Most people use it because it makes them feel good. They have one or two, get what they want from it, and stop. Some others keep drinking, trying to increase the feelings (or cover up others). Then some may find that they have to use it to feel normal. Eventually they find they can’t stop without feeling as though they are going to die.
About 85-90% of people drink for reason number one, and that’s that. The others, who don’t choose to become addicted, develop a physical dependence on alcohol without knowing it. By the time they realize it, it is usually too late, and active measures are necessary to stop drinking and put their lives back together.
The thing that non-alcoholics are unable to grasp is that quitting is far, far more easily said than done. A man will never know what it’s like to deliver a baby, and a non-addict will never know what it’s like to try to overcome an addiction. Imagine trying to break any bad habit — we’ve all done it — and then imagine that every time you tried your body sent out emergency signals that put you in a condition of high stress and made you sick. That’s about as close as a non-addict can get.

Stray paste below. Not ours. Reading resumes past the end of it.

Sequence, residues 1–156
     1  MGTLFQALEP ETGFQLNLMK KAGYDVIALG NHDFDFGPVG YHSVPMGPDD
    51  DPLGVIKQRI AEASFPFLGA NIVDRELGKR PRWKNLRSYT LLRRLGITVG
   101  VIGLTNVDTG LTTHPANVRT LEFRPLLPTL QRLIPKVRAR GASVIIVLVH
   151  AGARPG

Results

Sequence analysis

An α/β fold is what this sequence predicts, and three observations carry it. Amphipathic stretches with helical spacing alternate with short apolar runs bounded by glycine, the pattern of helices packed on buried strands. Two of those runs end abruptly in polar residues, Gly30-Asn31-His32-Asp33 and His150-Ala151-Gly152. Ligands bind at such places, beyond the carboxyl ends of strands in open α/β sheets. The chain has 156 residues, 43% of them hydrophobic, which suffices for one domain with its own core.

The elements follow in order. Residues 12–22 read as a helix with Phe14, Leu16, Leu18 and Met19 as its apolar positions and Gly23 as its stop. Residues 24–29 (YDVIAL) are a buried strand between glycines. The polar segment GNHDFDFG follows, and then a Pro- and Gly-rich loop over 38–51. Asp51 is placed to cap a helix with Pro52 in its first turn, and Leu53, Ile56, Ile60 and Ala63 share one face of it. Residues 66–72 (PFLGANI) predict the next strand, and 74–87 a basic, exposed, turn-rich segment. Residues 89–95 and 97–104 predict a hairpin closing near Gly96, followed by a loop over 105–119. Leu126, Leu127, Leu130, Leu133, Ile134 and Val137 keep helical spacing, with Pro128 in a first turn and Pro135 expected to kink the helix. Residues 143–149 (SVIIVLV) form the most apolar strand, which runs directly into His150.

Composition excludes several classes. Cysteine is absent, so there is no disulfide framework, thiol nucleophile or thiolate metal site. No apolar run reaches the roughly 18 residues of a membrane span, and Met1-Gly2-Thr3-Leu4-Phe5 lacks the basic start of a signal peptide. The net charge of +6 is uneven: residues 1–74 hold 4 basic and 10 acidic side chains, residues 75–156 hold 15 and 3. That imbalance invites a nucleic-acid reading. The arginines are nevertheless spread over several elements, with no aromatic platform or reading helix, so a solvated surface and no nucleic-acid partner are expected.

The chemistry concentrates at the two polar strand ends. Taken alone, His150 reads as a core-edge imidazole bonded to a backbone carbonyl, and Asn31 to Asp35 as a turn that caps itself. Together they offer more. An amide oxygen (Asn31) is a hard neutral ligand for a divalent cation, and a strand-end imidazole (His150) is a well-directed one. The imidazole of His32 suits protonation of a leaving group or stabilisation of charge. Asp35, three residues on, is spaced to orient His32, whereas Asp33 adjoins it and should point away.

A great resource to learn more about the disease of addiction, which is what alcoholism is (an addiction to alcohol), is hbo.com/addiction — a website of programming produced by HBO, The Robert Woods Johnson Foundation, NIAAA and NIDA. It really helps family members grappling with a loved one’s alcoholism to understand the disease concept, and as you’ve described here so well, to understand how difficult it is to stop the addiction. Having said this, treatment is fully within the alcoholic’s control, and can offer them the road to a healthy, happy life!